Non Ferrous Alloys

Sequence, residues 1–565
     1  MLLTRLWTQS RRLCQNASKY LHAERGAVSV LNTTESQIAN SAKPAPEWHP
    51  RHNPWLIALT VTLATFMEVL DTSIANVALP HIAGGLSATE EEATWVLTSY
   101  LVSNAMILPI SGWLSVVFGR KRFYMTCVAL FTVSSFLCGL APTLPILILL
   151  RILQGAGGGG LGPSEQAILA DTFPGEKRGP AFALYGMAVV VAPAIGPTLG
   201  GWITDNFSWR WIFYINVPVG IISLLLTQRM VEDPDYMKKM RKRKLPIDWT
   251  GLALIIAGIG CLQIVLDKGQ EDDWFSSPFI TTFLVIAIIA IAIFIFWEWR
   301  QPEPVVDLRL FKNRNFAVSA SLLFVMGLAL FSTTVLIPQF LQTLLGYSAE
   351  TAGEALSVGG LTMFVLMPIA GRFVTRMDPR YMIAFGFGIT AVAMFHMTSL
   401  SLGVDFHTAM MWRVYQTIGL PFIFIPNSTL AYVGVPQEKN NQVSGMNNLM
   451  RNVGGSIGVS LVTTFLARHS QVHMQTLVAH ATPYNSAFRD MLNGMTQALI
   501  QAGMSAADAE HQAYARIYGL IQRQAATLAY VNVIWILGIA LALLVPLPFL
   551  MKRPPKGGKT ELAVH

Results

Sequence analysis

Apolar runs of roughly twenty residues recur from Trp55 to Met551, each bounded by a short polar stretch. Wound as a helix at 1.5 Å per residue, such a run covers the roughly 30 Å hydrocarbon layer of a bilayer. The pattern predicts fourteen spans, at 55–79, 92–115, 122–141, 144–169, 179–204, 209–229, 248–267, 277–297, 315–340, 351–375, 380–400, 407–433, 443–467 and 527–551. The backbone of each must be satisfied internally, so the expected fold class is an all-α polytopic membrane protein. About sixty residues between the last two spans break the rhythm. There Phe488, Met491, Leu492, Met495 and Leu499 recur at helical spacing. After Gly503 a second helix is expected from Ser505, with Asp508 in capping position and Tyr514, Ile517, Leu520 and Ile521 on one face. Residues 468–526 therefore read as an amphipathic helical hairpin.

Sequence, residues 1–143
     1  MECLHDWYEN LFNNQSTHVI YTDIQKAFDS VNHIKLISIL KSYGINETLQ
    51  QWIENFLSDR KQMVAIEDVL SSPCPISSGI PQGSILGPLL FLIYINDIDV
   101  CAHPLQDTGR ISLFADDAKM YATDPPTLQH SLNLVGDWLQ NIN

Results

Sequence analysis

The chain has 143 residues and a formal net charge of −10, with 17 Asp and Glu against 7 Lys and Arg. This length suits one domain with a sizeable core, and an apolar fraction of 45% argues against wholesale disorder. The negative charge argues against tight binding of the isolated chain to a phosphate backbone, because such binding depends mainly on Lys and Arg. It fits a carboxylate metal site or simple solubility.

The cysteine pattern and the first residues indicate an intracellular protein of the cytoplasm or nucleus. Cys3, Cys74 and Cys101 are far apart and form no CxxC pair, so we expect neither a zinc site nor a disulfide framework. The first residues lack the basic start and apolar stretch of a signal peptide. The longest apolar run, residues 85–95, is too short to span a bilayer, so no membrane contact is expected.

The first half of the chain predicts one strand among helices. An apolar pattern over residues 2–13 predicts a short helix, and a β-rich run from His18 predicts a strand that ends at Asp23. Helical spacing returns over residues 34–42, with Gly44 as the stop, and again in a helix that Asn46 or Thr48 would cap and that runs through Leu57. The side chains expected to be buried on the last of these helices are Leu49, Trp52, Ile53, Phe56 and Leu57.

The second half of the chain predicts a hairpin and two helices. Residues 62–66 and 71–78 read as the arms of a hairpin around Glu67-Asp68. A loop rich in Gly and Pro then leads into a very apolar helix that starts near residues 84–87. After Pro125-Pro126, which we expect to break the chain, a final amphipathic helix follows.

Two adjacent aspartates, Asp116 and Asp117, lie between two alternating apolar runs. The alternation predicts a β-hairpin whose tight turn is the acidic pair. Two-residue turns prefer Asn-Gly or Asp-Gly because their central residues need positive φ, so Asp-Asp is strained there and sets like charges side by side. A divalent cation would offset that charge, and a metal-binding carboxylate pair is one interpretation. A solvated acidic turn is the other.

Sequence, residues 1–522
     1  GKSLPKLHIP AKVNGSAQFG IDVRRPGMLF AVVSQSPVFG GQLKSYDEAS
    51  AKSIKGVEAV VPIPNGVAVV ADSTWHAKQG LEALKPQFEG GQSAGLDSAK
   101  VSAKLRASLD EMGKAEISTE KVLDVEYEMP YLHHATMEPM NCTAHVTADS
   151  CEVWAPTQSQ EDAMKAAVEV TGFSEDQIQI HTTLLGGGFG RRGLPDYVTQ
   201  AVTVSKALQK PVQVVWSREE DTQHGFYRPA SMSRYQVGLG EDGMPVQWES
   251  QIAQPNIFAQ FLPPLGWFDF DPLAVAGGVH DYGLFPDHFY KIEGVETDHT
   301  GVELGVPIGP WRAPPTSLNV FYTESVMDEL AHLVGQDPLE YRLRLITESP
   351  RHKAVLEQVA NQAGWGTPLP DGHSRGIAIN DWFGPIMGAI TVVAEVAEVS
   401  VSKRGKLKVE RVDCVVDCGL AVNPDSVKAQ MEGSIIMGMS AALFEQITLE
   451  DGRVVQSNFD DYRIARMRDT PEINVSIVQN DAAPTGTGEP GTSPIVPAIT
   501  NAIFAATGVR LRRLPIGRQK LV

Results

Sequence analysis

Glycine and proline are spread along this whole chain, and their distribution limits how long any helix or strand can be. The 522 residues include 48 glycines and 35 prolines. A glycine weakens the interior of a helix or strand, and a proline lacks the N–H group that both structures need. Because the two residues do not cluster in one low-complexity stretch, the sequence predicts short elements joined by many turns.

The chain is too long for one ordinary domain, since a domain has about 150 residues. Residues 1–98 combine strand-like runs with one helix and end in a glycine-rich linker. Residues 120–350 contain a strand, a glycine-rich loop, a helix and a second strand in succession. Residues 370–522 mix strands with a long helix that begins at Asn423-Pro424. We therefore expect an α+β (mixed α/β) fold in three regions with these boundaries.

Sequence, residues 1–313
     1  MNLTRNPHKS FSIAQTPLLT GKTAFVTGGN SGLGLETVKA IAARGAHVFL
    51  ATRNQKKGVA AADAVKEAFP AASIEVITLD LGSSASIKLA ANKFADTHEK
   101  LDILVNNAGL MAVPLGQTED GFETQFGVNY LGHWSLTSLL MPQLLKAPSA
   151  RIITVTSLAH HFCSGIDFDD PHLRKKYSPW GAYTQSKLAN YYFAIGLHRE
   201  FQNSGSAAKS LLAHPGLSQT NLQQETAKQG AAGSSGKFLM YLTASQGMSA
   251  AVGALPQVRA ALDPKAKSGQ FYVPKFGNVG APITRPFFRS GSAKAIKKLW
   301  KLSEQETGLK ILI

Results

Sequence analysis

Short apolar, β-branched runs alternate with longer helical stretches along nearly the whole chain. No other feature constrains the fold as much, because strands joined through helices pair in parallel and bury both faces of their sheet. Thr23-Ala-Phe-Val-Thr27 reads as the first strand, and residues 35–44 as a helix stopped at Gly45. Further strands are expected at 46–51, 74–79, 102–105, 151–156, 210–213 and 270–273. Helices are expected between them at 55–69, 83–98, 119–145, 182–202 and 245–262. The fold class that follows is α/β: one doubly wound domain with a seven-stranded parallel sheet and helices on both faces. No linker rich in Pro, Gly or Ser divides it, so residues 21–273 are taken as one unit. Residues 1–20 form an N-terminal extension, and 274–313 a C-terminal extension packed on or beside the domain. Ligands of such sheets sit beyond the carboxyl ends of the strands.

Amongst all the upcoming new age non-ferrous materials, magnesium (Mg) has captured a lion’s share of the limelight because of its excellent specific mechanical properties owing to a low density of 1.74 g/cc. Application of such lightweight materials for structural purposes reduces consumption of power due to low load requirements. However, use of Mg-based alloys is still constrained by the metal’s poor room temperature ductility, inadequate creep resistance and excessive susceptibility towards environmental degradation. In our group, the focus for developing Mg-based alloys is diverged keeping two major application fields in mind: biomedical and automotive. For the biomedical field, we take advantage of the low elastic modulus (~45 GPa) of Mg and try to achieve a balance between mechanical properties and controlled degradation. For the automotive sectors, we attempt to develop economical alloys with improved elevated temperature performance in terms of creep and oxidation resistance. Additionally, our group has indigenously developed a novel cost-effective ‘hard plate hot forging’ (HPHF) method for thermomechanically processing the developed Mg alloys, which are difficult to deform to sufficient degree through conventional methods.